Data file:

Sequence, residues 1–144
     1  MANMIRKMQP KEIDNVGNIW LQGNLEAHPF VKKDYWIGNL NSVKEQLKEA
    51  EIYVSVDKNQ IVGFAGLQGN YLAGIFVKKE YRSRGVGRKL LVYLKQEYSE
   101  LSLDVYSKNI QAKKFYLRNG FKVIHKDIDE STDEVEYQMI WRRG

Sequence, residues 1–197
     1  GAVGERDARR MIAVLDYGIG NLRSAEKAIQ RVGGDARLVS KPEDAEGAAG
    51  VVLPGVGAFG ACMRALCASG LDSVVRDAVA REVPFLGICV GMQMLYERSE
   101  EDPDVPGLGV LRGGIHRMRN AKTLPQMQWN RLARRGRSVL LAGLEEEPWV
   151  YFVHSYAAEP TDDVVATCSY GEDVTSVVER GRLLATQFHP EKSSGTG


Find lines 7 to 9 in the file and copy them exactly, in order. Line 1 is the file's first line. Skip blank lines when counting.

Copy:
    51  VVLPGVGAFG ACMRALCASG LDSVVRDAVA REVPFLGICV GMQMLYERSE
   101  EDPDVPGLGV LRGGIHRMRN AKTLPQMQWN RLARRGRSVL LAGLEEEPWV
   151  YFVHSYAAEP TDDVVATCSY GEDVTSVVER GRLLATQFHP EKSSGTG